Monday, December 16, 2013

Correcting Misinformation on the Abortion Insurance Opt-Out Act

During the recent debate over the Abortion Insurance Opt-Out Act, opponents of the legislation made a number of false claims about the legislation.

False Claim #1 - Treatment of miscarriages won’t be covered

In her speech on the floor of the Michigan House, Representative Collene Lamonte told a personal story about having a miscarriage at 12 weeks and being treated in the emergency room. She then went on to make the following claim regarding what would have happened had the Abortion Insurance Opt-Out Act been in place at the time of her miscarriage:

“I would have either been denied this lifesaving procedure that protected my ability to have children and my daughter Grace may have been without a mother today. Or my family would have been burdened with an expensive medical bill that very well may have bankrupted us.”

The Truth
The text of the Abortion Insurance Opt-Out Act defines elective abortion and clearly says that lifesaving treatment and treatment of a miscarriage is not an elective abortion. Here is the definition of elective abortion in the text of the legislation:

Sec. 11. (a) ... Elective abortion does not include any of the following:

(i) The use or prescription of a drug or device intended as a contraceptive.

(ii) The intentional use of an instrument, drug, or other substance or device by a physician to terminate a woman's pregnancy if the woman's physical condition, in the physician's reasonable medical judgment, necessitates the termination of the woman's pregnancy to avert her death.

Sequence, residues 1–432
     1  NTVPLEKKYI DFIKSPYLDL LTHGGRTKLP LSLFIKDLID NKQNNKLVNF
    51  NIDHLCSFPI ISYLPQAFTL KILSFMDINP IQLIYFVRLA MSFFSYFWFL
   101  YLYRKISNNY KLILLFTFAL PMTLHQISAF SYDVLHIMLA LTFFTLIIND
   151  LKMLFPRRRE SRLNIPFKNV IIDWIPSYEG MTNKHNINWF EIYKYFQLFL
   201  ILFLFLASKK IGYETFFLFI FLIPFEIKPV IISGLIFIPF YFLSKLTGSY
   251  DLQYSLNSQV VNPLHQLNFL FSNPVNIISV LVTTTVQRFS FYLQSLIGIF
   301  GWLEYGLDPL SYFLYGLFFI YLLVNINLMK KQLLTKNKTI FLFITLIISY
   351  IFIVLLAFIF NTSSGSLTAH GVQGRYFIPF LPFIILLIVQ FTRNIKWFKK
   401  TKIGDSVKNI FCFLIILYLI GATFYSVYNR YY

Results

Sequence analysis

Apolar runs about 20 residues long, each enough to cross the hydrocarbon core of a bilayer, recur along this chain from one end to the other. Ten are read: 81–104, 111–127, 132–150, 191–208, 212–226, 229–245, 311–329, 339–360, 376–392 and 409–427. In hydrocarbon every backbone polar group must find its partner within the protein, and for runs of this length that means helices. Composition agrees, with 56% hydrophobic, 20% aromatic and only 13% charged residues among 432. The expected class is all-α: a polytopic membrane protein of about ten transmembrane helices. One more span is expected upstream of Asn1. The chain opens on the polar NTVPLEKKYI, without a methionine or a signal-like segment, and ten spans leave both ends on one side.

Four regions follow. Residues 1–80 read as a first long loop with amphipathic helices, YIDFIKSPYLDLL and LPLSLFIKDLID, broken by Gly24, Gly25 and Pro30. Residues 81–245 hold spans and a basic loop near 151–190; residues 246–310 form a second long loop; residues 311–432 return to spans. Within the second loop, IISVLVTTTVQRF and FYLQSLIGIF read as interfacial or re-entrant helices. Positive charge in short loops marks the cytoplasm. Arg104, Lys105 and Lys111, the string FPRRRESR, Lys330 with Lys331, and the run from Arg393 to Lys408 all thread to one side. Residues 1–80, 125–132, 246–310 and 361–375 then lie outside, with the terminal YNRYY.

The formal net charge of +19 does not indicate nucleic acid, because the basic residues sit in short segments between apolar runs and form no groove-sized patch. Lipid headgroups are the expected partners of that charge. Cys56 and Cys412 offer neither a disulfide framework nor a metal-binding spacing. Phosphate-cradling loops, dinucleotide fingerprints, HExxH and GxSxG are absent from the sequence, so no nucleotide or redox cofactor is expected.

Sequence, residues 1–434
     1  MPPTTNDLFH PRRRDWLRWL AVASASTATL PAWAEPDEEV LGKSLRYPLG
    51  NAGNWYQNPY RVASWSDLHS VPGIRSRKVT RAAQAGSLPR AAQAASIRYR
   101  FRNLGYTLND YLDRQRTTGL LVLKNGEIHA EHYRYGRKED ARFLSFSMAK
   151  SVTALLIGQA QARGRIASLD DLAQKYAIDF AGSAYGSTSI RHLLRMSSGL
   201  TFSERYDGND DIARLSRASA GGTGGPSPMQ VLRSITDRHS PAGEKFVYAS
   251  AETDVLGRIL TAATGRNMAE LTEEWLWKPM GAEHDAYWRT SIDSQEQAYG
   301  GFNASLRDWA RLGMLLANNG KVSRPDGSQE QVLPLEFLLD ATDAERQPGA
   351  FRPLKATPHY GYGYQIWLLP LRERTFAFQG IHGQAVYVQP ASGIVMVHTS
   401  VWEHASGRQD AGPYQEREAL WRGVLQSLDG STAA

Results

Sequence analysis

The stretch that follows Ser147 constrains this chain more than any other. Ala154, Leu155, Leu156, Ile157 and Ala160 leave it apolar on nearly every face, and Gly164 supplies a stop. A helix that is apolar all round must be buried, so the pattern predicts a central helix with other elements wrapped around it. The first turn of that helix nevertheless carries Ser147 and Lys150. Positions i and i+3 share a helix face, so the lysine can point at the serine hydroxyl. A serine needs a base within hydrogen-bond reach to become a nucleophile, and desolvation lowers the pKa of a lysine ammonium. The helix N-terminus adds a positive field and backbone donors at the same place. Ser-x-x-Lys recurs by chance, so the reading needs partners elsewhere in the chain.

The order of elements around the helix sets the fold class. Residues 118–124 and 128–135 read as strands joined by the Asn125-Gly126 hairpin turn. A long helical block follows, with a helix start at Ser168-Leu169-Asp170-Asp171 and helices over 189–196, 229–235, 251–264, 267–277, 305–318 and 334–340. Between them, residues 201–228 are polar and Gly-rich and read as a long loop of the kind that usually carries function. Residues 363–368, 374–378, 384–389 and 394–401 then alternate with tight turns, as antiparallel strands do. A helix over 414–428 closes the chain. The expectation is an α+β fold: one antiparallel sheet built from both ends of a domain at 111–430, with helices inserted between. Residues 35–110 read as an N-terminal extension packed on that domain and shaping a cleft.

(iii) Treatment upon a pregnant woman who is experiencing a miscarriage or has been diagnosed with an ectopic pregnancy.

False Claim #2 - Signatures gatherers were paid

In an online video, Senator Gretchen Whitmer claimed that “(s)pecial interest groups paid to gather 300,000 votes to get this before the Michigan legislature.”

The Truth
Thousands of Michigan residents voluntarily gathered more than 315,000 signatures and many donated the funds which paid for the printing and mailing of the petitions. Signatures were collected from all 83 of Michigan's counties. No outside firm was hired and no one was paid for the signatures they collected. In her effort to attack this legislation, Whitmer slandered the earnest efforts of thousands of Michigan citizens taking part in the democratic process.

False Claim #3 - Right to Life of Michigan said the goal was to put this legislation on ballot

During her speech on the Senate floor, Senator Gretchen Whitmer claimed that Right to Life of Michigan misled people about whether the legislation would go to the ballot.

“Right to Life told the public their goal was to put this issue on the ballot for all of us to vote on, every one in the state. Again, evidenced by what you’re going here today, a complete lie.”

The Truth
From the beginning of the petition drive, Right to Life of Michigan has openly said the goal was to have this legislation pass with majority support from the Michigan legislature so the legislation wouldn’t go to the ballot.

For example, the question and answer section of the Michigan’s Voice web site says the following:

Q: Will this be on the ballot?

A: It's unlikely. This petition drive is to initiate legislation that was passed in December 2012 by large majorities in the House and Senate but vetoed by the governor. With enough registered voters' signatures, it will become law with a simple majority vote in the state legislature. The governor has no role in approving or vetoing this type of legislation. Prolife people have been successful in the past with citizen initiated petition drives.
Furthermore, an online training seminar specifically notes that the legislation won’t be on the ballot if it receives a majority vote in the Michigan legislature.